The recent imposition of high tariffs and tariff-rate quotas on solar cells and modules (among others) did not come as a complete surprise. First, the United States had already filed a complaint with the World Trade Organization in May 2017. Second, the current administration has been unambiguous about its views on global trade. Pulling out of the Trans-Pacific Partnership, renegotiating the North American Free Trade Agreement, questioning the institutions such as the World Trade Organization, or lashing out at countries from Canada to China to – most recently – EU member states, have pointed towards a new vision for the United States in the global economy: Global is bad, local is good. Recently, before world leaders in Davos, President Donald Trump may have spoken softly, but he still carried the big stick of protectionism behind his back.
The question is why? The most commonly used argument is, of course, the trade deficit. For all goods and services, the trade deficit is larger today than it was when NAFTA came into force in 1994. At the same time, however, it has also declined steadily over the last 10 years as exports grew at a higher rate than imports. NAFTA may have even helped to grow U.S. exports to other regions, including Mexico and China, by making U.S. products more competitive.
Then there is the question of jobs. Most studies agree that certain U.S. jobs were lost due to NAFTA. The same studies also agree that these jobs most likely would have been lost anyway due to shifts outside of the United States and because of technological advances. In the current case of solar cells, the higher cost of imported products may actually lead to job losses in installation and service that exceed the number of jobs protected.
Other arguments for protectionism include unfair practices such as China’s exploitation of WTO loopholes. There is something to the latter argument, but withdrawing from established mechanisms may be the wrong way to address this issue.
Global trade must follow global rules to unleash its full potential. It simply doesn’t make sense for one player to follow the rules of checkers while all others are playing chess. The 11 TPP countries that remained after the United States’ exit from the agreement have decided to move forward by themselves. Our neighbor to the North will be one of the winners, participating in the positive effects that the agreement will have. And given the incremental progress of NAFTA negotiations, the new agreement will most likely be somewhat, but not fundamentally different.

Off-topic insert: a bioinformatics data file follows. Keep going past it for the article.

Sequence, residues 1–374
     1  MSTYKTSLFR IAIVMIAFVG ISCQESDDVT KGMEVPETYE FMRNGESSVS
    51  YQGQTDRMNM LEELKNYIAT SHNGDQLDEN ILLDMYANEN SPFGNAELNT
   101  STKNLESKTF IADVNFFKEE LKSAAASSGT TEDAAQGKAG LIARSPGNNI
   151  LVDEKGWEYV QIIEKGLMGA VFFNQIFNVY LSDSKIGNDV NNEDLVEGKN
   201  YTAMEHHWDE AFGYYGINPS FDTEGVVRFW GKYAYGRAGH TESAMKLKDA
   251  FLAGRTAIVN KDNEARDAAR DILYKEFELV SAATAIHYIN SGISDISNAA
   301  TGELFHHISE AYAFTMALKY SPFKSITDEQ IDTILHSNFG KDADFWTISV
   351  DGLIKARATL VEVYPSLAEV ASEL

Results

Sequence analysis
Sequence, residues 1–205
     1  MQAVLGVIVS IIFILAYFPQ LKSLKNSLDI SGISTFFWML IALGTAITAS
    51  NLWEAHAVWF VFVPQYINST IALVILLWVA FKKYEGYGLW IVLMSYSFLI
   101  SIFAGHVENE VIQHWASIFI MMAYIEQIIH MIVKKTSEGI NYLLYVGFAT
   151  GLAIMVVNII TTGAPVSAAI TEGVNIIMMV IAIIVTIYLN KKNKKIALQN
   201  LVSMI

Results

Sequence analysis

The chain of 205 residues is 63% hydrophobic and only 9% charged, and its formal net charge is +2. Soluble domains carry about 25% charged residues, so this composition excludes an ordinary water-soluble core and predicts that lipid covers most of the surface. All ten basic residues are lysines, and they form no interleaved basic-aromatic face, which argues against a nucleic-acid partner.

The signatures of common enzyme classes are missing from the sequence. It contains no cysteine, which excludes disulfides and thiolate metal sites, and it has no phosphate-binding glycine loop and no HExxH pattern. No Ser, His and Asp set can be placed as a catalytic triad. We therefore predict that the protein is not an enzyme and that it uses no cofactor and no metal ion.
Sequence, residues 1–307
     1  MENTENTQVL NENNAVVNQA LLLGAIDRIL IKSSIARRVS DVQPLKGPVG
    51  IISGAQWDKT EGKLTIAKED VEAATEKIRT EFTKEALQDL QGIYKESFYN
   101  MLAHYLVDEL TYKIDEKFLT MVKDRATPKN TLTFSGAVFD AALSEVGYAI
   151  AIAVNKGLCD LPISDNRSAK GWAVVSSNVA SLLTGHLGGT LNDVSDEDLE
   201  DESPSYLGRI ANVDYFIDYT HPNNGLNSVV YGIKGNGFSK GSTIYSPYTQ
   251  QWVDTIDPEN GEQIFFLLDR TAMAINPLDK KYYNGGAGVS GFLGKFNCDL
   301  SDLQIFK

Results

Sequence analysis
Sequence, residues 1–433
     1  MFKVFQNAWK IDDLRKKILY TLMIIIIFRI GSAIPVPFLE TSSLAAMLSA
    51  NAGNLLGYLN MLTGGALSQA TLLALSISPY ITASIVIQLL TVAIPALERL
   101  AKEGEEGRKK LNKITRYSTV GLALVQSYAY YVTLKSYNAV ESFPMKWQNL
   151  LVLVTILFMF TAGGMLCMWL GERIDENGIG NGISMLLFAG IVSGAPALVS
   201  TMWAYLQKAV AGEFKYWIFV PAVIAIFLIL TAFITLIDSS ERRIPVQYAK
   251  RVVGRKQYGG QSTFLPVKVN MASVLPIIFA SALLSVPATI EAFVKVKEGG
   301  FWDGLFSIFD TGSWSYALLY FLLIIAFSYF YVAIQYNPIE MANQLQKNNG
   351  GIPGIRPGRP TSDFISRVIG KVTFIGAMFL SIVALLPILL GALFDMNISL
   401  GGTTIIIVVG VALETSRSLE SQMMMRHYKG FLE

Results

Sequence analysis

The Valley Industry and Commerce Association, a business advocacy group that represents some of the largest employers, many of them manufacturers in the San Fernando Valley, strongly supports free trade and NAFTA. Even California’s vulnerable agriculture industry sees the vast advantages of free trade. Ask, for instance, Edgar Terry of Terry Farms in Ventura. As a fresh produce grower, he lives with the challenges of cheaper competition from outside the United States, but he clearly also sees the upside of access to foreign markets. “The bottom line is,” said Terry, “that free trade is good for agriculture overall, and it is good for the consumer!”
In 1791, Alexander Hamilton delivered his Report on Manufactures to Congress, advocating for self-sufficiency of the newly formed country through a strict policy of import substitution. Hamilton’s argument was correct for a country in the making and at a time when international trade played a minor role globally. Today, the environment is different, and protectionist policies, time and again, have been proven to hurt domestic economies in the long run. In the case of the United States, they may even do damage to the global economy (and they will certainly hurt L.A.’s regional, export-driven economy).
In my graduate course on International Business, I often start by showing students a chart that maps exports against imports for the largest trading nations. Seeing that outbound and inbound trade has very similar levels for most countries, they quickly realize that international trade is not a one-way road. We don’t have the luxury of going back in time to conduct an experiment without NAFTA or the WTO. That leaves us only with the way forward. Let’s fix the loopholes and make sure that U.S. companies become more competitive internationally. Isolating the United States from the global economy is an extremely short-sighted approach.
Gerhard Apfelthaler is dean of the School of Management and a professor of international business at California Lutheran University.